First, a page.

Jerry Sadowitz: Comedian, Magician, Psychopath

Note: This review is from 2011

Review by Steve Bennett

Say what you like about Jerry Sadowitz, but he was way ahead of the curve. He was spouting racist, sexist, anti-disabled, homophobic, gratuitously sick jokes back in the distant days when comedy had a politically-correct face. Nowadays, every Ricky, Jimmy and Frankie uses the language of hate, only occasionally with a fig-leaf of irony.

Sadowitz thinks some of the newer generation have stolen his act. In which case there are several tramps shouting at bins on Sauchiehall Street who might have a case against Sadowitz. This is an expletive-heavy, semi-coherent but intense rant against the blacks, the Jews and the ‘spastics’ from a shambolic wreck of a man – as if these are in someway responsible for his abject sense of miserable worthlessness.

There’s no irony here, and no apologies either. Ricky Gervais might have caused a stramash for tweeting the word ‘mong’ – Sadowitz is only offended he didn’t use ‘mongaloid’, prompting the Glaswegian into a volley of bad taste that would keep an equality and diversity outreach worker in paperwork for months.

His humour is undeniably dark, but the intent – and reception – of his diatribe is in a greyer area. No moderate, sane person would agree with his hate-flecked outbursts suggesting all black people are criminals or the occupants of Dale Farm are all smelly, thieving pikeys. But you’re not supposed to. Sadowitz is not exactly a role model, unless you’re in the English Defence League.

However, the worse category of human – lower than any of the minority groups he so freely denigrates – are other comedians more famous, more successful, and probably more happy than him, having built career on spouting bland niceties. No surprise that in the curry house of comedians, he sees himself as the hottest vindaloo – while Michael McIntyre and Jack Whitehall are the plain boiled rice.

Nonetheless, as the nation has become used to a diet of stronger material, many people – certainly his particular audience – have become dulled to offence. It’s come to something when he cracks tasteless gags about Madelaine McCann and it seems almost hack, rather than appalling.

Certainly no one, even in liberal Brighton, stormed out, which Sadowitz might count as a failure. His uncompromising brutality still goes further than anyone else, and frogmarches into controversial topics anyone with a twinge of liberal conscience would give a wide berth to.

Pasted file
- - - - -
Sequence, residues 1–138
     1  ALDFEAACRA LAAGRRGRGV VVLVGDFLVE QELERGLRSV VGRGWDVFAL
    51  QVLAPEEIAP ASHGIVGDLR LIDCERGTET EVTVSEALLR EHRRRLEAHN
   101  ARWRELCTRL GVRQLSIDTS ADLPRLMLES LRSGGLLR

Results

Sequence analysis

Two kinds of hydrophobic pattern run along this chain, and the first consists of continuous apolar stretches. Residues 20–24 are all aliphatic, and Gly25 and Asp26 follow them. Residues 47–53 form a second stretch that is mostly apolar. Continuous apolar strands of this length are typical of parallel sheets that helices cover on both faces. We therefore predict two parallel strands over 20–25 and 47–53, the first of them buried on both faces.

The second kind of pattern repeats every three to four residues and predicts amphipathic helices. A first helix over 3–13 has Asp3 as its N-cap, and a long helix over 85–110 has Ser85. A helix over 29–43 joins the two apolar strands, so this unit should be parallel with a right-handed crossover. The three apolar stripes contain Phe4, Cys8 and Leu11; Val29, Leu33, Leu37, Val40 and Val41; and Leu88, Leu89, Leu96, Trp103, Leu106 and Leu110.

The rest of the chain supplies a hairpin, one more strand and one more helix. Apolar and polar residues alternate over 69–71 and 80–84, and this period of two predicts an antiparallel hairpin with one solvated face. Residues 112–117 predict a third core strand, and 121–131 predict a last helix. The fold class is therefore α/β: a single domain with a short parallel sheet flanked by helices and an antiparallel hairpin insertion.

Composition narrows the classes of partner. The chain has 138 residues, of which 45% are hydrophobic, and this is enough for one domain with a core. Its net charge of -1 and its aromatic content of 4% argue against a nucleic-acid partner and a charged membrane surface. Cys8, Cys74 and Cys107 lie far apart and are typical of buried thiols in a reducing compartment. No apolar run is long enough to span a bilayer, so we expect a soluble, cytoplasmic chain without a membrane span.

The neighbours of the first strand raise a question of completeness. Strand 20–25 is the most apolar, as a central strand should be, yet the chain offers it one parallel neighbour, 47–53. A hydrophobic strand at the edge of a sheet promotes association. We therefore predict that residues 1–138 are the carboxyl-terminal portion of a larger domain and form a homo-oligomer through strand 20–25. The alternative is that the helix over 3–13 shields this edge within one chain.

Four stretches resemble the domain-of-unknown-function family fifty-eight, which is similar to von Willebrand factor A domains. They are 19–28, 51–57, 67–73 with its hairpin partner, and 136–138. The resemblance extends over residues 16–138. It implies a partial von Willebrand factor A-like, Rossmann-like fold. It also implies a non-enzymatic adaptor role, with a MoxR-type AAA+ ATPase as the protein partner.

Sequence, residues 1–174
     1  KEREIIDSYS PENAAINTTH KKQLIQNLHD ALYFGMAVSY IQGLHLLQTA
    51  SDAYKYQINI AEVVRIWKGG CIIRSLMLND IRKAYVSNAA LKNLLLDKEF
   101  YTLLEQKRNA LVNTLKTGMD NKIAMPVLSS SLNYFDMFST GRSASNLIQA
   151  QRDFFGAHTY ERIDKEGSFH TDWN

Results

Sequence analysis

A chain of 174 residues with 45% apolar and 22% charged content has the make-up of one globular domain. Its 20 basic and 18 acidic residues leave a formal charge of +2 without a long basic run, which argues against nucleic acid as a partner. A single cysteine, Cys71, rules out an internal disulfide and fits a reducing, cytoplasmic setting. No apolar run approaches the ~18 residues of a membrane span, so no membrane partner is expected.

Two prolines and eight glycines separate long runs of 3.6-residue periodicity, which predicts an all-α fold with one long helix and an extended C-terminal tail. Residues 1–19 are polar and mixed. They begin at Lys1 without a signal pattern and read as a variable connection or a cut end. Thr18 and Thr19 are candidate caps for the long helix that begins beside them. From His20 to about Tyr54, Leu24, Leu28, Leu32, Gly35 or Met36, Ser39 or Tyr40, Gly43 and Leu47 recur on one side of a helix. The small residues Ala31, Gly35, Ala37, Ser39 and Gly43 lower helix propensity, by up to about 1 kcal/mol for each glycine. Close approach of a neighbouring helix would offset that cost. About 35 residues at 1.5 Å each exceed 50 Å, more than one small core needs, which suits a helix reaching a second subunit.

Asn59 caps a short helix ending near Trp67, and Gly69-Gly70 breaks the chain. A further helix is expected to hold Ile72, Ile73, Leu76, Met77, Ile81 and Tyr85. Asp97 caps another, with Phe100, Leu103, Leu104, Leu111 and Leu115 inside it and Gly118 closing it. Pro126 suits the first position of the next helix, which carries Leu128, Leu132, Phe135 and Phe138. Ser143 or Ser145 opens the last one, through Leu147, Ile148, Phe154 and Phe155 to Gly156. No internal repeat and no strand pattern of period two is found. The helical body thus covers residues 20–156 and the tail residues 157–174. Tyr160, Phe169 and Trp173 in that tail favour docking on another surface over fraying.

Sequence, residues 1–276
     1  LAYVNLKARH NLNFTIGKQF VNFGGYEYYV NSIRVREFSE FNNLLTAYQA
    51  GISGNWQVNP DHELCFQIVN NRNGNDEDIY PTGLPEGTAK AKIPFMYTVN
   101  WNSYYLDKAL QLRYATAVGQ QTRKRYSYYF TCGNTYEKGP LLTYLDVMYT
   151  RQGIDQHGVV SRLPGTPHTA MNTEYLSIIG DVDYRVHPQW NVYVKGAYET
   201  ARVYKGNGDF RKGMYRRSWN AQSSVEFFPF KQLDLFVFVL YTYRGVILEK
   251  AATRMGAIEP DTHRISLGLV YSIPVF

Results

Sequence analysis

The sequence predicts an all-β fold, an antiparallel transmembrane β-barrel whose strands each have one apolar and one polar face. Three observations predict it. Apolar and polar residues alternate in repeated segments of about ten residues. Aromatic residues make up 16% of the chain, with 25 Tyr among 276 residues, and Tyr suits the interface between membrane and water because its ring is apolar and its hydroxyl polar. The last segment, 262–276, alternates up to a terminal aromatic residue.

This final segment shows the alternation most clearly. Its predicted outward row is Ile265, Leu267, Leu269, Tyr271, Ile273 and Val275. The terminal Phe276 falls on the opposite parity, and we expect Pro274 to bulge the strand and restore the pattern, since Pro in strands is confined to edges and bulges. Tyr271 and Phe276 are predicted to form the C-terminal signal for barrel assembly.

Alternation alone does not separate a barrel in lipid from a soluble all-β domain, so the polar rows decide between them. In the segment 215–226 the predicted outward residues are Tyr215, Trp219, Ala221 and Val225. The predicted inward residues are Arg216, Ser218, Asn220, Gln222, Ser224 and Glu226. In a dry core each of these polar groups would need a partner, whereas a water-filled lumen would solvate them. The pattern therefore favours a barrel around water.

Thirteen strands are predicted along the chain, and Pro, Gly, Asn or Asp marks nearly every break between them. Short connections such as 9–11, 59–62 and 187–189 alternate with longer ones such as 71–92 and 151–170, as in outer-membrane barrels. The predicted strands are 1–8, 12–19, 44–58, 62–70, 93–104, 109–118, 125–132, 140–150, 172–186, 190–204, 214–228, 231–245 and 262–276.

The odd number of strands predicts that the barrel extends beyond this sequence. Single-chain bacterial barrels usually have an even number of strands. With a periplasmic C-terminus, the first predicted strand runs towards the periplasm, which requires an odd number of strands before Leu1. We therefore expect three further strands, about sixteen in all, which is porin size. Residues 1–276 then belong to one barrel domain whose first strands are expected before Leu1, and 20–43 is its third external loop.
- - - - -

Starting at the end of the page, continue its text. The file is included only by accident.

Yet some of his audience also appear to be refugees from the Chubby Brown fan club, cheering with no apparently sense of irony at some of the more extreme opinions. That grey area gets greyer with every bitter insult.

Such old-school non-PC comedy is usually frowned upon for targeting those less fortunate, but Sadowitz’s tacit defence might be that in his warped mind no one is lower than him. Certainly when he hurls racist insults at the Chinese, for example, he makes it quite clear that he’s punching upwards… he might call them ‘slitty-eyed’, but they will soon be our economic masters.

So, it’s an evening of unpalatable views, but is it funny? Again the jury’s out. Some jokes are too vile to be classed as any form of entertainment, and sometimes the material is not even a joke, just anger. But then, when you are not expecting it, an unexpected punch will land so hard, it will get you laughing.

But more than Sikipedia-style gags, this is an unflinching portrayal of hate, as intense and convincing as any dramatic Shakespearean actor. Not that Sadowitz would ever be so cowardly as to hide behind a character, of course: when he does adopt the persona of a Bronx Jew in the preamble, the material and style is exactly the same – even the accent keeps slipping back into his native Glaswegian Jew.

Many have hailed Sadowitz a comic genius. That’s surely overstating it, but he’s certainly uniquely uncompromising. Even as the number of shock-comics swells, he’s one of a kind. Thank fuck.

Review date: 24 Oct 2011
Reviewed by: Steve Bennett
Reviewed at: Brighton Komedia

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